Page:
Messages are first sent to the current state to see if there is a receiver for the message. If the current state does not respond to the message, the state chart will begin to bubble up the tree to find any parent states that respond to the message. If the current state plus any of the current state’s parent states, do not respond to the message, the message will be quietly ignored.

StateKit

A Example

Here is a contrived but helpful example of how message bubbling works under various circumstances. Assume the following state chart:

NSDictionary *chart = @{@"root":@{
                          @"subStates":@{
                                  @"a":@{
                                          @"subStates":@{
                                                  @"d":@{
                                                          @"userPressedButton":^(SKStateChart *sc) {
                                                              NSLog(@"state d says hi");
                                                          },
                                                          @"subStates":@{
                                                                  @"j":@{}
                                                                  }
                                                          }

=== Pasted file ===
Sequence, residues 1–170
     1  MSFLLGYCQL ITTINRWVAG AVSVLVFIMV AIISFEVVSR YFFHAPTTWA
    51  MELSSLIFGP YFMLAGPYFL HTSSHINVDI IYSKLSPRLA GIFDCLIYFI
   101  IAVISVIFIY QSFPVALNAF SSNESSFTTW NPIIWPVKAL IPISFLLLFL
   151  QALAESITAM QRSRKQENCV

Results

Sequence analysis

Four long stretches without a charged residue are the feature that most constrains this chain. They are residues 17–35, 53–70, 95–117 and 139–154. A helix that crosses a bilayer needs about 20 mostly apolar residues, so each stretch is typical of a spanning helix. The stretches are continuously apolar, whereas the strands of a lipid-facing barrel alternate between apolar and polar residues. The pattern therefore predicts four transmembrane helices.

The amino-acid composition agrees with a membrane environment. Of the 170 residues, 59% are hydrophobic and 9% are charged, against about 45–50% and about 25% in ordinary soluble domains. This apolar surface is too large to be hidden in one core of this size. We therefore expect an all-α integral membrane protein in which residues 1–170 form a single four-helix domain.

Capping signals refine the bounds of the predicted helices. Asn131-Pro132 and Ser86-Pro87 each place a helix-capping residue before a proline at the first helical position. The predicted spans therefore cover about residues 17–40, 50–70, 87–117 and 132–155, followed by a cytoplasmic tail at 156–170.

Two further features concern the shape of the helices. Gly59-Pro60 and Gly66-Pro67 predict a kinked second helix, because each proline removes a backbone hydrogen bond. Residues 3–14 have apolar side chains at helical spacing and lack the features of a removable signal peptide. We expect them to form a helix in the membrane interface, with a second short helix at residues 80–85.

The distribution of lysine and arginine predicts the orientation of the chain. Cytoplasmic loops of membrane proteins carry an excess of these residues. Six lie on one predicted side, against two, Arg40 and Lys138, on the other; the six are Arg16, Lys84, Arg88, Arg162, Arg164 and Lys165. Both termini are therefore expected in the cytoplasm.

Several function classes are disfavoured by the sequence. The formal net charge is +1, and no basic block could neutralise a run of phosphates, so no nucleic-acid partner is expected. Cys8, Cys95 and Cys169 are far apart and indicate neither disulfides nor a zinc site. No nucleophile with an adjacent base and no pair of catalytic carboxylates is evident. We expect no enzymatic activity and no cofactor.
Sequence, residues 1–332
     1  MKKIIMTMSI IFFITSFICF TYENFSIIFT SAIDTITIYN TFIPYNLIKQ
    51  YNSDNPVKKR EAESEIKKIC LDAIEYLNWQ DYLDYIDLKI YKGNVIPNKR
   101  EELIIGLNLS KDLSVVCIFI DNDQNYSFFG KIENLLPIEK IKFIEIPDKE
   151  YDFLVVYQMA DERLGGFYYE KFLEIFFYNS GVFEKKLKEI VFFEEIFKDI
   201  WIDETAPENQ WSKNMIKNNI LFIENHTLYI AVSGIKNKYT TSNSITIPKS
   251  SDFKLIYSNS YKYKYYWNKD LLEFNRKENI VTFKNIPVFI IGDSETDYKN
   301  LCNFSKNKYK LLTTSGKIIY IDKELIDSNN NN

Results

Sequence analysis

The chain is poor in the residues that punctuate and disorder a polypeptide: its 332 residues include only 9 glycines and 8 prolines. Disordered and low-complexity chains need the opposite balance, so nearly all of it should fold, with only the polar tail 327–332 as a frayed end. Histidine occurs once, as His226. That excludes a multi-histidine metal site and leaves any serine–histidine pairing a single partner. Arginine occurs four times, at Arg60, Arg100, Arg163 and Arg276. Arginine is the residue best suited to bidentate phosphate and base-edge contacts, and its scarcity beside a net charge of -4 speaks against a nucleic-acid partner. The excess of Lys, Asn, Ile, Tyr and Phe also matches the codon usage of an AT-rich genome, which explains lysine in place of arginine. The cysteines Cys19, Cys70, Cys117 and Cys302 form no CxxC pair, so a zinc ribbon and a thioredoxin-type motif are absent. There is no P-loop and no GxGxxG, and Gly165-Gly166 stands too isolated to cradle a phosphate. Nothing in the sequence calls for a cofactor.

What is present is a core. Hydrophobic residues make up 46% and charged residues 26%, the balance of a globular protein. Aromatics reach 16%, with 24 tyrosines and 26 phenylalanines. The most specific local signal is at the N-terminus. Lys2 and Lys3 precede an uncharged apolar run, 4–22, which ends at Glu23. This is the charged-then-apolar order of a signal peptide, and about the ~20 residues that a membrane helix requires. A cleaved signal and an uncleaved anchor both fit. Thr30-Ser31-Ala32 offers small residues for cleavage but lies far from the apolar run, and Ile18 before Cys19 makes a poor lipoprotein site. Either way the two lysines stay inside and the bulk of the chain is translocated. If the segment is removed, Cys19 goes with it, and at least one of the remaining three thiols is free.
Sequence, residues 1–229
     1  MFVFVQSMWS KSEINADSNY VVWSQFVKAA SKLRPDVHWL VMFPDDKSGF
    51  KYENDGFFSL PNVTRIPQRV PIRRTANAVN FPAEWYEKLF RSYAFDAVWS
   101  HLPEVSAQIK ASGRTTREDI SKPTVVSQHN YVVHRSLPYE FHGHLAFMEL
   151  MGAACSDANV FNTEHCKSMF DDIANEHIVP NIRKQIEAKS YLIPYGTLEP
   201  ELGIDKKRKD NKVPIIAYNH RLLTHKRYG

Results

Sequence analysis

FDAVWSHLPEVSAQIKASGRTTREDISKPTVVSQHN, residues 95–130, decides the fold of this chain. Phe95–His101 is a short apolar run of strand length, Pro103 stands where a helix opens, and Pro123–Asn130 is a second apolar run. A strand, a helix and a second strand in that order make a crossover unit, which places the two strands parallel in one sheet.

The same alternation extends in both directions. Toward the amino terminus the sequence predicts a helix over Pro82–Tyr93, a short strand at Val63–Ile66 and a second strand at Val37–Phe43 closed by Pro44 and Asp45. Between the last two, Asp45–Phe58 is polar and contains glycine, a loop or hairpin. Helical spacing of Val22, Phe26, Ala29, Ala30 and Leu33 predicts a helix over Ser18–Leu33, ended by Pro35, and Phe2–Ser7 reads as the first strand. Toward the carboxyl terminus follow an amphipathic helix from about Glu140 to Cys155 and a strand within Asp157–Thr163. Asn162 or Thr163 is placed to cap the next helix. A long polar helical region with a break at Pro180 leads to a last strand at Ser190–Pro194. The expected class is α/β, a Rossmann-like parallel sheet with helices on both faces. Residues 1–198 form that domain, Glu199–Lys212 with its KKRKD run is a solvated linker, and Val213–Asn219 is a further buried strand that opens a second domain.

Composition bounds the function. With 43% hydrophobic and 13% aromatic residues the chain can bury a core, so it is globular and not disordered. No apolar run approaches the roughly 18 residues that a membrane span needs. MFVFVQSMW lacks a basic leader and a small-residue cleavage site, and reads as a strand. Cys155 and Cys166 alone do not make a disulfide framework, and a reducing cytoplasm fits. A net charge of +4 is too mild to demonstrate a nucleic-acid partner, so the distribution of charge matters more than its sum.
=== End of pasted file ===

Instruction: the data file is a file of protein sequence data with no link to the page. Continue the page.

}
                                          },
                                  @"b":@{
                                          @"userPressedButton":^(SKStateChart *sc) {
                                              NSLog(@"state b says hi");
                                          },
                                          @"subStates":@{
                                                  @"e":@{},
                                                  @"f":@{
                                                          @"subStates":@{
                                                                  @"g":@{
                                                                          @"userPressedButton":^(SKStateChart *sc) {
                                                                              NSLog(@"state g says hi");
                                                                          },
                                                                          @"subStates":@{
                                                                                  @"h":@{},